Oppression also leads to disharmony and hostility with society and communities. We don’t want that.

Can Fiction Really Contribute to Oppression?

I kind of can’t blame people for ignoring these issues in fiction. Compared to all the horrific law, wars and history of the world I think it is worthwhile questioning what fiction’s place is in ethical behaviour.

Personally I think for most part stories are a force for good in the word, however there are some ways I believe written work can contribute to the suffering of others.

An obvious start are stereotypes. Stereotypes could probably consume a whole post, in short they are a kind of cognitive blueprint that people use to make generalizations about things, including groups of people. Stereotypes are not necessary a bad thing, but their use and abuse can lead to some severe harm such as when a negative stereotype becomes so perpetuated in a culture that people don’t stop to question why they believe it, or how it effects members of that group when they are constantly exposed to the idea.

A clarifying example (I’m trying to play it a little safe here) I Googled stereotypes of gamers and discovered that the typical image of a gamer is a lazy, no future, socially inept male.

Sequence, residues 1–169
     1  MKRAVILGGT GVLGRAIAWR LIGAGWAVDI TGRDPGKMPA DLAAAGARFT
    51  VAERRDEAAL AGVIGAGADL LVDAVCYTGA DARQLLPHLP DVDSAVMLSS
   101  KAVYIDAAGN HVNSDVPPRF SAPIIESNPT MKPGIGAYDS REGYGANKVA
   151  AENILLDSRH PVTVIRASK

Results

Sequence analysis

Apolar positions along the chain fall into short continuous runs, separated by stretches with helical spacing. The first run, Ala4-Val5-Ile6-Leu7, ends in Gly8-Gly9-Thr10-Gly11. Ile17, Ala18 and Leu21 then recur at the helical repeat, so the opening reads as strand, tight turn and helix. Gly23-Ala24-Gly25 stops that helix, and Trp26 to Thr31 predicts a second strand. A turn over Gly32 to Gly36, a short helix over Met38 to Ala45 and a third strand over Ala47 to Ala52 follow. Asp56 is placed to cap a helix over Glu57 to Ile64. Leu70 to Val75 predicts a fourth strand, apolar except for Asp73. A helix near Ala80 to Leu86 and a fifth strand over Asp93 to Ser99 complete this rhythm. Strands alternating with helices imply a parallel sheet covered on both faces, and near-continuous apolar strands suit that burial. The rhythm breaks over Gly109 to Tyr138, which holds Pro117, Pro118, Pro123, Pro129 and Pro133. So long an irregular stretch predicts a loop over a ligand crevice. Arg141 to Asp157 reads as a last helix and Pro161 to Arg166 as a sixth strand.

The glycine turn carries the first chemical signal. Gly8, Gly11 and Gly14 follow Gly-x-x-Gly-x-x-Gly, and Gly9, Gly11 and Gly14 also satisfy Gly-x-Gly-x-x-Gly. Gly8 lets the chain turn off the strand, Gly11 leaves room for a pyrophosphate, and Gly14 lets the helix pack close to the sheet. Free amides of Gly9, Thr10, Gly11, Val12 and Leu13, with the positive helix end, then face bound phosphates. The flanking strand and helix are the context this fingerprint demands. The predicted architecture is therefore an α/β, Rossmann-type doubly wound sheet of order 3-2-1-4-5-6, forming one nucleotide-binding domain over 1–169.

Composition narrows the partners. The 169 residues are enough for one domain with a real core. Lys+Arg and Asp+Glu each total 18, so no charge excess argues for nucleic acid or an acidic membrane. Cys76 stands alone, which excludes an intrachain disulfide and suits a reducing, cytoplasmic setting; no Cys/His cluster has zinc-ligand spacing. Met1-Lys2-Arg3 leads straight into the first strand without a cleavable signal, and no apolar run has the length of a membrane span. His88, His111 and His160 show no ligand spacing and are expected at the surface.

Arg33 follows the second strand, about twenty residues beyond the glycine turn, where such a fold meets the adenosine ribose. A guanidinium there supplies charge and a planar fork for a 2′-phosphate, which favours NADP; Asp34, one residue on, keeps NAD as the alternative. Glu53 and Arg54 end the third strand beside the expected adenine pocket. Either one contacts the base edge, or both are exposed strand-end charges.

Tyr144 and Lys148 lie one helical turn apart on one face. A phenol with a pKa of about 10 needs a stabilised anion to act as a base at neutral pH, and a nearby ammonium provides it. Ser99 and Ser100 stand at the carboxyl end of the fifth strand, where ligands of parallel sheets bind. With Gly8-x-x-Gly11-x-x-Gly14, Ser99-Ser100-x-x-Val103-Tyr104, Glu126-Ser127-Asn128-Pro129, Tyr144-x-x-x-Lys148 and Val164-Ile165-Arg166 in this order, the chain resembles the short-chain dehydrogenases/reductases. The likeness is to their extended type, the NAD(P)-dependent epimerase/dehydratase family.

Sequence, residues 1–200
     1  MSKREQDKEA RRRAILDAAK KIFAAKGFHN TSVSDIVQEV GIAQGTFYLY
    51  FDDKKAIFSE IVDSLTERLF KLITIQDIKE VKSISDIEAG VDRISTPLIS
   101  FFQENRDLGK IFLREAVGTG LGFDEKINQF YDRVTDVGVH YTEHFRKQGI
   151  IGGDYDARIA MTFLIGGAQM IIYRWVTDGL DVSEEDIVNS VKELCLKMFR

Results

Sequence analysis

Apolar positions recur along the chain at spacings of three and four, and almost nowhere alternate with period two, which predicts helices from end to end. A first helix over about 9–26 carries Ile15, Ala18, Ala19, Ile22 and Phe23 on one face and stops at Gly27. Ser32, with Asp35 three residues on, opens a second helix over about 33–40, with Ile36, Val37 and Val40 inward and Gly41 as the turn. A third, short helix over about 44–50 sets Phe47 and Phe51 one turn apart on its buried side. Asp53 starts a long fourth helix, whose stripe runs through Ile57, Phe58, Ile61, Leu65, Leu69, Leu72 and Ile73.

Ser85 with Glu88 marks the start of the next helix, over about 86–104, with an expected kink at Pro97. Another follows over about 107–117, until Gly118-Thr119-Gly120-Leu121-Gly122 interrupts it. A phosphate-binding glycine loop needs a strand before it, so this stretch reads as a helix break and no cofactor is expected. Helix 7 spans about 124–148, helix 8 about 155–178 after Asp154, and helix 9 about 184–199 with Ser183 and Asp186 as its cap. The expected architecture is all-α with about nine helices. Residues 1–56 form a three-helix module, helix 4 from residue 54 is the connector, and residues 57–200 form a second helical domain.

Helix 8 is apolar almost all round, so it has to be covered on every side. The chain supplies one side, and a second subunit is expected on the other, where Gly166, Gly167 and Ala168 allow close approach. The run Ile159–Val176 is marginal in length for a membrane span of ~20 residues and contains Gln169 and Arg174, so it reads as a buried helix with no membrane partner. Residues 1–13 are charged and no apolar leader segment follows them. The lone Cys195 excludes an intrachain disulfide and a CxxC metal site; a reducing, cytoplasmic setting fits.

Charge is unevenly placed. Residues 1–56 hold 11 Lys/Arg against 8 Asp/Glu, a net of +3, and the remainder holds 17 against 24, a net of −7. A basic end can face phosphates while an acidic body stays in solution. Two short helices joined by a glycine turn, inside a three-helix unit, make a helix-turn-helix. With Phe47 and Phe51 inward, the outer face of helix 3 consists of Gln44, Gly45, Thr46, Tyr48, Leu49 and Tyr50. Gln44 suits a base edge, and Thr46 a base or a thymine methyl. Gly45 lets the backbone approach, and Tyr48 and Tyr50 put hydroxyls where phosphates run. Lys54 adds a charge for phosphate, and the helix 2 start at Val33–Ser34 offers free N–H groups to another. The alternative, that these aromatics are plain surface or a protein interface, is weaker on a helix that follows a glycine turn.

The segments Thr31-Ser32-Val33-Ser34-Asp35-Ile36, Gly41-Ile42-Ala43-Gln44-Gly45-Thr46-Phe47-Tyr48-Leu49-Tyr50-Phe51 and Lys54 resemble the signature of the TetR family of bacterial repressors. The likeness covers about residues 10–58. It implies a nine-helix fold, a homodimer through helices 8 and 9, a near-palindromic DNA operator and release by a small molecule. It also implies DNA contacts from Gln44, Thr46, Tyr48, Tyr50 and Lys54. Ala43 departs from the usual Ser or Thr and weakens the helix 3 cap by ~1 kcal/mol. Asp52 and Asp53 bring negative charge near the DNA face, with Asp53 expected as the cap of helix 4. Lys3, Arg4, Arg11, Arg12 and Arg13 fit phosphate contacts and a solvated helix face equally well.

So the problem with this image is not that gamers are immune from those criticisms but that if that the more that stereotype is used and perpetuated the more everybody begins to think its a correct assessment, non-gamers may judge people who are revealed to play video games, gamers may feel ashamed and react defensively to hide it. I hope its not hard to see how more serious, and hurtful stereotypes can do real damage to people.

Getting back to fiction, people use stories to explore and help understand the world and the people in it. Fiction has long seen the use of stereotype in characterization and in my opinion can be particularly influential as the written word tends to carry considerable authority. After all well  written tends to feel ‘real’.


Another way fiction can contribute to oppression is in how the world is portrayed within the story. Now I know this is a topic that tends to generate controversy so I’d just like to point out that I am just some guy, trying to make sense of these issues. This topic is too broad and too complicated for one person to nail completely right in one blog post, so go easy.

For example in Man of Steel, superman is a not only a high powered alien debating his role as a superhero, he is a handsome, incredible buff white male.